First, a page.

As the South Korean presidential election approaches, the country’s relationship with the United States, Japan, and China has become more sensitive. The foreign policy of the Moon Jae-in administration—especially its attitude towards the Chinese Communist Party (CCP)—has been the subject of serious concern.
“If South Korea adheres to its principles, and conducts diplomacy in a dignified and aboveboard manner, China [CCP] will not dare to look down on us,” Lee Joon-gyu, president of the Korean Council on Foreign Relations, told The Epoch Times.
In his nearly 40 years as a diplomat, Lee has served as Korea’s ambassador to such countries as New Zealand, India, and Japan.
“Korea is one of the top 10 economic powers in the world, and ranks 6th or 7th in terms of national defense strength, as well as being a central country with considerable political influence, which has a certain influence on China,” he said.
The senior diplomat believes that South Korea is positioned where neighboring powers are frequently engaging in various conflicts, and therefore, the country should not be even the slightest bit complacent right now.
South Korea’s Relations with China and the US
Beginning with the Trump administration, the United States has been clamping down on the CCP-ruled China on economic, trade, financial, high-tech, and military fronts, and U.S.-China relations are becoming very tense.
Some in Korea have called for a so-called balance in policy between the United States and the CCP, that is, a policy of “security for the U.S. and economic opportunities for China,” with no mention of China’s strategy of stealing intellectual property (IP) from foreign companies to “rob, replicate, and replace” successful industries in the global market.
Lee called the policy of a balanced approach to the CCP “too absurd.”
“The goal of diplomacy is to help the country gain a foothold and prosper, and security and economy are inextricably linked, and economic development could not be accomplished if security is not stable,” he said.
“The idea that China is an alternative ally for South Korea is simply invalid,” Lee said. “The country made a clear choice a long time ago: the South Korea-U.S. alliance.”
Lee said that he believes China will continue to maintain a tough tone toward the United States until its elections are completed next year. “But China will continue to have a difficult time confronting the U.S. because of its internal problems,” he said.
Comprehensive national power, according to Lee, reflects on economic, military, security, political, and soft power, and many other factors. “It is too early for China to become an equal power with the United States,” he said.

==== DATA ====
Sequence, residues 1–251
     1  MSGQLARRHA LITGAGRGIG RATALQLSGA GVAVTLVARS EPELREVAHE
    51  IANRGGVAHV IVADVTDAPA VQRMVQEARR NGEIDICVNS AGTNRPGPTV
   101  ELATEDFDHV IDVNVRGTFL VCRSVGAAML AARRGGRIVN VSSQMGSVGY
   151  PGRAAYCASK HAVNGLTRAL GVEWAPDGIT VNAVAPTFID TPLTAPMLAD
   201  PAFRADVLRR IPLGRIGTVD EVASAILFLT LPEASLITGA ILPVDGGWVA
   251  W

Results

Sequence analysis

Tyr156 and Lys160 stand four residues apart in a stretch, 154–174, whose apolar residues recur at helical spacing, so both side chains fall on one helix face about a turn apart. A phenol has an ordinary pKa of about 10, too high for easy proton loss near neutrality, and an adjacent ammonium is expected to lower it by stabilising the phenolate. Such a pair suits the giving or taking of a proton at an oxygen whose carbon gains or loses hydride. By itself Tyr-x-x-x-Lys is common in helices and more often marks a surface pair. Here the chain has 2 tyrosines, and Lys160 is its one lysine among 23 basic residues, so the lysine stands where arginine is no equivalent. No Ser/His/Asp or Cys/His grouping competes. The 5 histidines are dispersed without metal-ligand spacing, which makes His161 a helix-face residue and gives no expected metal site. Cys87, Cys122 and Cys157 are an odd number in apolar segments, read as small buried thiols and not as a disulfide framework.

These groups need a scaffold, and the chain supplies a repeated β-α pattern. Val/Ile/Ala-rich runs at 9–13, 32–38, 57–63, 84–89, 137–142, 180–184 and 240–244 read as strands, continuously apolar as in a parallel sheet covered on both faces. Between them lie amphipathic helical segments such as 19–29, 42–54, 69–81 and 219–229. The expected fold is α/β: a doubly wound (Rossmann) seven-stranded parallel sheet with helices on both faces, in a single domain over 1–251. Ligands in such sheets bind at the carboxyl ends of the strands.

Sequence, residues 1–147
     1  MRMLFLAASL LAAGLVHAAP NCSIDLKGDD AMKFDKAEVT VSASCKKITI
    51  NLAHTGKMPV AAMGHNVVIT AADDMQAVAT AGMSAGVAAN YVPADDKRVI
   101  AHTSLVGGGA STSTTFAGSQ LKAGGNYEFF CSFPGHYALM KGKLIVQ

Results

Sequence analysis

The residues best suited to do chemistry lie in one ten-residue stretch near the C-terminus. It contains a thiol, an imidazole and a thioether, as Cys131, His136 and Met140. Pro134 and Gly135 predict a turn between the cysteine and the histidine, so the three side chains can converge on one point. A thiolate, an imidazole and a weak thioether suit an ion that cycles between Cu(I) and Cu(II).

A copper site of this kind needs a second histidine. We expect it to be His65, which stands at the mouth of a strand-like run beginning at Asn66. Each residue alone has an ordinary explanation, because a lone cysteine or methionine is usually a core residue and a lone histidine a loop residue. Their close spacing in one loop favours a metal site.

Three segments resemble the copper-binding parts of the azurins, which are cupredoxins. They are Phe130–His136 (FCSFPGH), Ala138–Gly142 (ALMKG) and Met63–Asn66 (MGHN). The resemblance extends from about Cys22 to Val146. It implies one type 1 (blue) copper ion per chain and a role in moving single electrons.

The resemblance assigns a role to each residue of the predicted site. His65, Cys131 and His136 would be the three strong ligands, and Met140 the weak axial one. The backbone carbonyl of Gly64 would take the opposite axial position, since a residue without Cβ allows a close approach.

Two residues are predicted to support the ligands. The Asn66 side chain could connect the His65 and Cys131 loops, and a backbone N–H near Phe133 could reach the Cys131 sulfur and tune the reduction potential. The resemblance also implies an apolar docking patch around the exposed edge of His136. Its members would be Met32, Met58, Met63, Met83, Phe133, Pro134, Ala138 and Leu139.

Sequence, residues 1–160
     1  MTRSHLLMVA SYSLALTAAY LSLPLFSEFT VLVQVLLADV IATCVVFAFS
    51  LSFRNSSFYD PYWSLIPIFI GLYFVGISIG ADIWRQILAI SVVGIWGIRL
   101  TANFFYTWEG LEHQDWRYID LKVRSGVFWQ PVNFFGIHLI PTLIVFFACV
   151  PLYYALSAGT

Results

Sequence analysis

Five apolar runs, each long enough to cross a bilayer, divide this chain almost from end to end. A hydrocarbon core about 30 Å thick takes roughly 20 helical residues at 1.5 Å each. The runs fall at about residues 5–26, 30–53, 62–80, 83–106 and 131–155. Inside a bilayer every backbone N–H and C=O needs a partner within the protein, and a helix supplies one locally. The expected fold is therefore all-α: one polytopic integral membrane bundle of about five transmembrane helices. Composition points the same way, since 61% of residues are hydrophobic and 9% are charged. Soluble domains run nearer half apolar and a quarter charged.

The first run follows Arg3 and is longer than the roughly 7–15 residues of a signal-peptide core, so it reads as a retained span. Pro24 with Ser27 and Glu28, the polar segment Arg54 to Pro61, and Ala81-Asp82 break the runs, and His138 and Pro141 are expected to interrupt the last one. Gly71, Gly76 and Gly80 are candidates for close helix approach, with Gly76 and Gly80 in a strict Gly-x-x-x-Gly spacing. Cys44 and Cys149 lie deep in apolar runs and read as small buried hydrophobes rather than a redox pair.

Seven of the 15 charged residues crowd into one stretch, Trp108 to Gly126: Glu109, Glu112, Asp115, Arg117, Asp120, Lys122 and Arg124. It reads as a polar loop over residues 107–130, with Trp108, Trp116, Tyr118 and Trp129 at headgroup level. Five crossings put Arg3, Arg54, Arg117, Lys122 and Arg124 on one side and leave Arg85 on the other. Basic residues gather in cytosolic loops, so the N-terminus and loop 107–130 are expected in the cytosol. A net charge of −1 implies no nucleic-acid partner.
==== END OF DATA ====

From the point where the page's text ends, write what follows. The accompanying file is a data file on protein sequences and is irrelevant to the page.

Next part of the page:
He added, “South Korea has been acting as if it is stepping on two boats at the same time, sending the wrong signal to the U.S. and China … this is absolutely undesirable,” he said of the Moon administration.
Lee said, when facing the CCP, “South Korea’s usual obedience and non-assertive diplomacy” is one of the missteps of its current foreign policy.
A Gallup Korea poll in April showed Moon’s approval rating dropped to 29 percent for the first time since he took office, said KEI (Korean Economic Institute), a U.S. think tank focused on relations with South Korea.
South Korean President Moon Jae-in and U.S. President Joe Biden issued a joint statement on May 21, in which they mentioned the importance of peace and stability in the Taiwan Strait, freedom of navigation in the South China Sea, and the U.S.-Japan-India-Australia “Quadrilateral Security Dialogue” (QUAD) to curb the CCP, and exceed the outside world’s expectations.
Kim Tae Woo, a professor of military science at Konyang University in South Korea told The Epoch Times that Moon’s declining domestic support rating is one of the main reasons for his pro-U.S. statements.
In January, a South Korean court ordered Japan to compensate 12 “comfort women” who were forced to work in its wartime brothels. Comfort women is a Japanese euphemism for victims of sexual abuse during Japan’s 1910-1945 colonial rule of the Korean peninsula.
In September, the Supreme Court of Korea ordered Japan’s Mitsubishi Heavy Industries to compensate Korean workers for their forced recruitment during World War II.
The Japanese government views the two issues from World War II as being resolved in the 1965 Treaty on Basic Relations signed by both countries.
“A radical change in thinking is needed to ease the tense Korea-Japan relationship, which is currently at its worst,” Lee said.
Although Korea has grown in diplomacy in recent years, the ex-diplomat also expressed regret that “the status of the Korean Foreign Ministry [in the country] has now declined so much.”
Lee made an appeal to the current administration and the next one, “before deciding on foreign policy, please listen to the opinions of diplomatic experts.”
Lee Khasub contributed to this article